Wednesday, April 30, 2008

MSM finally catches up

NEW YORK ( -- Crude oil prices and the value of the dollar have been marching in different directions for months. But that may shift if the Federal Reserve signals on Wednesday that its rate-cutting campaign has come to a close.

One factor that has sent the dollar down and oil up recently has been the Federal Reserve's months-long round of rate cuts. In an attempt to stimulate the ailing U.S. economy, the central bank has cut rates by three percentage points since September. But the rate cuts are also inflationary, weakening the dollar and sending oil prices higher.

Aww gee thanks MSM for coming to the party. This has been going on for a year or more and finally the brilliant minds in the MSM figure out what happened. Which has me really confused because CNN also had a story not too long ago on how 45% of the people thought Bush was deliberately controlling oil prices to help his EVIL OIL buddies. Come on CNN pick a side here. Both arguments can't be the cause of high oil. I know this phrase I am about to use may be a little above your pay grade understanding of things, yet the two arguments are mutually exclusive.

Anyway they go on to say that if Benny B "pauses" in his zest to annihilate the $US, oil another commodities will drop. I'm on the same page there and have put a little of my money where my mouth is. I sold my GLD a little early when gold was $900ish. Didn't ride it all the way up, but I'm happy I sold when I did. Now I have been buying up some puts on USO. I don't see oil going back to $50 any time soon. I do think $120 is just so out of whack with fundamentals it has to go down somewhat. Even with the devaluation of the dollar, China, India, etc, this price run-up is still partially due to speculation and that portion of it has to collapse sooner or later.
Plus with the recession here, it just makes no sense for oil to keep on climbing in 2008.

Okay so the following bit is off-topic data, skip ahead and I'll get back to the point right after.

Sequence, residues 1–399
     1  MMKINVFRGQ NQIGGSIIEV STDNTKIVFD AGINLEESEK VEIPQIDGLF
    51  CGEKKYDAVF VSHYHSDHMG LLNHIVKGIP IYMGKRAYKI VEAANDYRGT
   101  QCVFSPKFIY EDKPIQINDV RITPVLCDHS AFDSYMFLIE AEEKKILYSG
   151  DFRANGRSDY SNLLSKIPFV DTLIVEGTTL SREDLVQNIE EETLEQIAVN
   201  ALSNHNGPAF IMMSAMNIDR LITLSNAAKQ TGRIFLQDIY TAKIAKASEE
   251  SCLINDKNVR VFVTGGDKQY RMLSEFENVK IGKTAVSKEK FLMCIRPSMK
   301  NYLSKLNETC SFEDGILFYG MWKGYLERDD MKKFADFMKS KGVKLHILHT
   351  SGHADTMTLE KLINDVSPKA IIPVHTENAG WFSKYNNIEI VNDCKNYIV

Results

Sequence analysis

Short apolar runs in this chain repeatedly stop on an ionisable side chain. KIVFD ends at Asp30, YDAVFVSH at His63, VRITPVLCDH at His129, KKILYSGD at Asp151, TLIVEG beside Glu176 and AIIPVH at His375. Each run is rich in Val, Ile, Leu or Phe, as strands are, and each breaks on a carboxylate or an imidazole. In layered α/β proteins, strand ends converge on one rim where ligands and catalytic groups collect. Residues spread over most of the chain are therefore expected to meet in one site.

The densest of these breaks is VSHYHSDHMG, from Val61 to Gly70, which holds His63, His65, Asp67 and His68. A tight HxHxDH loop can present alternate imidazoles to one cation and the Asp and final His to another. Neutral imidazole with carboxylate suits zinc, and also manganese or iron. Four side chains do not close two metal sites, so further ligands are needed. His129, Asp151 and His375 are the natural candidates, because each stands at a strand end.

Zach said...

One of my problems with the MSM is that they blame everything on US policies. Have they ever heard of supply and demand? When you have a billion Chinese, a billion Indians and another billion in Brazil and other developing countries raising their incomes and demanding energy, then the price rises! It's as simple as that. The US government doesn't have nearly the control over oil prices that everyone would like to think.

On the devaluing of the currency, low interest rates certainly cause the currency to depreciate and the price of oil to Americans to increase. I'm not convinced that it's such a bad thing. Low interest rates encourage investment, which is the key to long run growth. In a country with essentially 0% savings, any encouragement is a good thing. The weaker dollar helps exporters and reduces our trade deficit. These are good things. Not only that, but high gas prices encourage us to make smarter driving decisions, including purchasing more fuel-efficient cars. These are not bad things. The MSM seems to think that, because of its name, a weak dollar is a bad thing. It has a lot of benefits.

Ed said...


I agree that a low dollar has some benefits. But long term, a weak currency makes a country poor. I don't think you can find any example of a country that has devalued its currency and prospered. Germany in the 20s. Japan in the 90s. Zimbabwe today.

And I also agree that supply and demand ultimately determines price. However oil is up 1000% over the past 10 years. Demand has certainly increased worldwide, but not anywhere near 1000%.

Zach said...


In the long run, the relationship between currency valuation and prosperity depends on your relative taste of imported versus domestic goods. If you have a taste for imported goods then yes, you will be poorer with a weak currency. However, is this 5-or-so-year trend of a falling dollar long-term? I don't know if it is or not.

I think most everyone would argue that China is prospering. They've purposely devalued their currency for years. While I don't think this is sustainable, it's certainly helped them in the short term.

I also agree that demand is not 1000% higher than 10 years ago. That 1000% price increase you're talking about is in US dollars I assume. Yes, some of that is attributed to declining purchasing power of the dollar. But, as I argued in my last post, this is not necessarily a bad thing in the case of gasoline. Part of the demand increase can be attributed to speculative demand. When you combine increases in actual consumption demand with speculative demand, that growth makes much more sense.

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